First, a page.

Yesterday, the Guardian published an article that suggested that the numbers regarding the outbreak in Lebanon, Syria and Iraq might actually far exceed the official figures, based on the concerns of international official workers and observers.
WHAT ARE THE REAL NUMBERS
Aid workers who have been speaking out claim that Lebanon (as well as Syria and Iraq) is likely to be holding thousands more infected people than what we know, and that the lack of disclosure actually poses a serious health risk. They also claim that in remote parts of Lebanon, like in the South, non-state actors are quarantining entire communities and coronavirus infected patients.
In Syria, the scenario is far worse, as, given the situation of the country internally, the central government cannot control the spread of the virus whatsoever. And though ground and air links between our countries have been largely cut, it is estimated that great numbers of virus carriers were able to return to Lebanon before the borders were sealed.
Having parallel health structures dealing with their own casualties is very alarming, as it prevents the official authorities to control the spread as well as the treatment. There might be a critical need of health structures that we are not even aware of.
NUMBERS ACROSS THE MIDDLE EAST ARE RISING STEADILY
Two months into the pandemic in our region, the number of cases keep rising. Unfortunately, testing in Lebanon has been at the bottom of the regional scale, with only 150-200 tests per day, whereas Gulf Arab states are testing extensively. The majority of infections in our region have been traced back to Iran. Indeed, while the pandemic was in the rise, Lebanese authorities let 1,200 people coming from Iran enter Lebanon. Even more worrying, the number of ventilators and beds ready for coronavirus is almost inexistent. And what about all the refugee camps across the country, where close to 2 million people live. If we have COVID-19 cases among them and the lockdown is not 100% respected, it will spread like wildfires and be a disaster.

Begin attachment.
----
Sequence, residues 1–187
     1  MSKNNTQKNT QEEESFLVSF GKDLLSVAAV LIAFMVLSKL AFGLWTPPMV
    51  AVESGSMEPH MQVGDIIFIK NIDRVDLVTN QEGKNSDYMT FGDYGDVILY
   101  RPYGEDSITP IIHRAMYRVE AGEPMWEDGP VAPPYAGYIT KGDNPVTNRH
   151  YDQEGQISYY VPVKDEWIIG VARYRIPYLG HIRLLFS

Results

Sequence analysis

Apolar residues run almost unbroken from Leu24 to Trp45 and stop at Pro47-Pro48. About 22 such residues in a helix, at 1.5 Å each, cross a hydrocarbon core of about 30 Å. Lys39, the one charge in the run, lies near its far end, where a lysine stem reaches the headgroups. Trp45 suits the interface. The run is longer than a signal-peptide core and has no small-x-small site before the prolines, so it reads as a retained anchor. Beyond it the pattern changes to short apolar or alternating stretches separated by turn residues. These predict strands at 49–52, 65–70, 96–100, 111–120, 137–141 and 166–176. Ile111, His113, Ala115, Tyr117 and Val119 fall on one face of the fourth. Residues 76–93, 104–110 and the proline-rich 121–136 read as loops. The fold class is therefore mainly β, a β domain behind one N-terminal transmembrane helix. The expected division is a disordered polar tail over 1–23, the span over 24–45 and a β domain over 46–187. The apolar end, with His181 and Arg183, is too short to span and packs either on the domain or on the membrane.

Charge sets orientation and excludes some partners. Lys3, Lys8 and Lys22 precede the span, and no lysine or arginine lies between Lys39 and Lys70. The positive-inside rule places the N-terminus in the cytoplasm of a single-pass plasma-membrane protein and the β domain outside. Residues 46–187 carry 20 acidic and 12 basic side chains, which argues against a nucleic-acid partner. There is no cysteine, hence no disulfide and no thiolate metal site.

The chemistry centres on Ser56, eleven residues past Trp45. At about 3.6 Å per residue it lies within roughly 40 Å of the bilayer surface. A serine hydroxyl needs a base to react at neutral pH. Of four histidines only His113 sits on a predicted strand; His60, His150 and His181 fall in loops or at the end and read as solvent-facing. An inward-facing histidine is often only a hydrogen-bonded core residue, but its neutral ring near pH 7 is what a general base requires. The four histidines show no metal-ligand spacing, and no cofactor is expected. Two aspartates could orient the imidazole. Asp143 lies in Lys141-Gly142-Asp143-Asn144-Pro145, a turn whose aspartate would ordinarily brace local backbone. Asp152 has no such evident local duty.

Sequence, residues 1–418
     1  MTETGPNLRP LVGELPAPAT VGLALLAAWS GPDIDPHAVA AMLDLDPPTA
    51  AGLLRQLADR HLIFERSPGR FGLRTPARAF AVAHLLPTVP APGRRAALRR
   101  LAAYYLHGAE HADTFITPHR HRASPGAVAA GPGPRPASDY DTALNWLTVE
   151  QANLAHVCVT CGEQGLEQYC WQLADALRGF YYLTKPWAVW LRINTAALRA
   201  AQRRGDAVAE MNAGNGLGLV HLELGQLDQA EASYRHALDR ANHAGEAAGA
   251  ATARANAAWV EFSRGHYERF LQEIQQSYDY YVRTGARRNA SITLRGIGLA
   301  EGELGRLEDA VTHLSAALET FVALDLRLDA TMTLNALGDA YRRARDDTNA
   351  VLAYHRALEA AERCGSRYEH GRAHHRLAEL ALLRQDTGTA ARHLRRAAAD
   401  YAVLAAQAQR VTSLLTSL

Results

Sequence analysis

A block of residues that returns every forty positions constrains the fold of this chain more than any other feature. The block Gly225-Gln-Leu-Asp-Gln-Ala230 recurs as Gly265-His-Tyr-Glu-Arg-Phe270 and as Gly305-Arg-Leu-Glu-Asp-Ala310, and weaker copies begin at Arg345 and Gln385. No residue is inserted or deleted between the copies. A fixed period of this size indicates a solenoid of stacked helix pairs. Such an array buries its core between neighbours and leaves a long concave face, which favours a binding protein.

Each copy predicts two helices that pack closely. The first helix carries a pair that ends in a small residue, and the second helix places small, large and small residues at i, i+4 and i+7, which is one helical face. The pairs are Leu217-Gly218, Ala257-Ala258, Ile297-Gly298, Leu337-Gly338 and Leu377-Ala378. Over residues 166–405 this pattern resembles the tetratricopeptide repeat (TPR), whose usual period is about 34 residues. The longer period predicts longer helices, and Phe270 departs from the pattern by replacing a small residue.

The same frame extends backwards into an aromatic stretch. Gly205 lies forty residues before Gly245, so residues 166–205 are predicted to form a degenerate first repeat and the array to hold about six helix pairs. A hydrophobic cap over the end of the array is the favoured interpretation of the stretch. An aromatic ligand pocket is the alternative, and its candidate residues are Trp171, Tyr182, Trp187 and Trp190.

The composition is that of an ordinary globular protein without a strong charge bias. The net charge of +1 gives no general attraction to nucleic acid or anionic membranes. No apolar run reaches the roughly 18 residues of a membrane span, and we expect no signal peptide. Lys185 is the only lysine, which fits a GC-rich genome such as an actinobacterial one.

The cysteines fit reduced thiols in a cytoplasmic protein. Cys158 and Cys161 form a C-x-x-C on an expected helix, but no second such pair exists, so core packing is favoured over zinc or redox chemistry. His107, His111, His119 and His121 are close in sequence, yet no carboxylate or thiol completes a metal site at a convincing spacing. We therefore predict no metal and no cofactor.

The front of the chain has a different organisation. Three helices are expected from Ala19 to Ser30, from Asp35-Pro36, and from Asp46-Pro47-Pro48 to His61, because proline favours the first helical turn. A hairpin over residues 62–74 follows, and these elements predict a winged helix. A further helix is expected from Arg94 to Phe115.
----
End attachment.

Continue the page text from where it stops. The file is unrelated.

LEBANESE PEOPLE ARE STILL POORLY DISCIPLINED AND GO OUT
Sadly, because a lot of Lebanese have shown little discipline and compliance towards respecting the home quarantine, the army was deployed to enforce public lockdown. However, if some areas are indeed being strictly supervised, others are still taking the measures way too lightly.
If many citizens showed discipline and resorted to home confinement even before the government decided to close the borders, on the other hand, many are mistaking this lockdown with an “improvised holiday”. Lebanese are big fans of social media, and now that they can’t go around as they please, like the rest of the world, they are spending a lot of time online. Unfortunately, they see influencers showcasing their own definitions of “social distancing”, filming themselves outdoors, touring the country. That has been inciting a lot of people to actually leave home and go out.
Weddings are being held, home parties in fancy mountain resorts, where many city families have relocated for the confinement, are happening as if it was spring break, and everyone seems to be jolly.
Being a responsible citizen today would mean respecting the home quarantine and total social distancing, so that we finally flatten this curve.